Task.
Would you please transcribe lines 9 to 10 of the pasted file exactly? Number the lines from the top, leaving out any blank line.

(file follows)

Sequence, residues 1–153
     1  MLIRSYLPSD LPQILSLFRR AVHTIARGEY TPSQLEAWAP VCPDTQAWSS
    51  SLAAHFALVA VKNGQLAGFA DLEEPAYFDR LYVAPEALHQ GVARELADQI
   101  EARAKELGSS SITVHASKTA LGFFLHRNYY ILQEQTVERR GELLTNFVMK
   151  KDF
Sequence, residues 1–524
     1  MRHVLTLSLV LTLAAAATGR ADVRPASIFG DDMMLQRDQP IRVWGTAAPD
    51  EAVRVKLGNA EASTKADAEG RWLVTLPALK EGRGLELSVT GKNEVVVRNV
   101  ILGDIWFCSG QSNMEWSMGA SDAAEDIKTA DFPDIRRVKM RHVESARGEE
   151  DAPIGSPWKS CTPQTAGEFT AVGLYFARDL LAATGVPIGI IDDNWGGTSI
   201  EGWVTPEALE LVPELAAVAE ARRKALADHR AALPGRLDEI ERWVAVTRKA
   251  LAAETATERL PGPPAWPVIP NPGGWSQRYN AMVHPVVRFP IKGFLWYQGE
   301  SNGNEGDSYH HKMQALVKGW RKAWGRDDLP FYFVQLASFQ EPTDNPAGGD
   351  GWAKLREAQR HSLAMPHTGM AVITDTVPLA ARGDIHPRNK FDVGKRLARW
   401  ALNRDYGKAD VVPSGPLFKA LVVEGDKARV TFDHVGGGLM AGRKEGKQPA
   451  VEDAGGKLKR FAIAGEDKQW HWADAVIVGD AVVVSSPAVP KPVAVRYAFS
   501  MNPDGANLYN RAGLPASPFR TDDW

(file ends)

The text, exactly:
   101  ILGDIWFCSG QSNMEWSMGA SDAAEDIKTA DFPDIRRVKM RHVESARGEE
   151  DAPIGSPWKS CTPQTAGEFT AVGLYFARDL LAATGVPIGI IDDNWGGTSI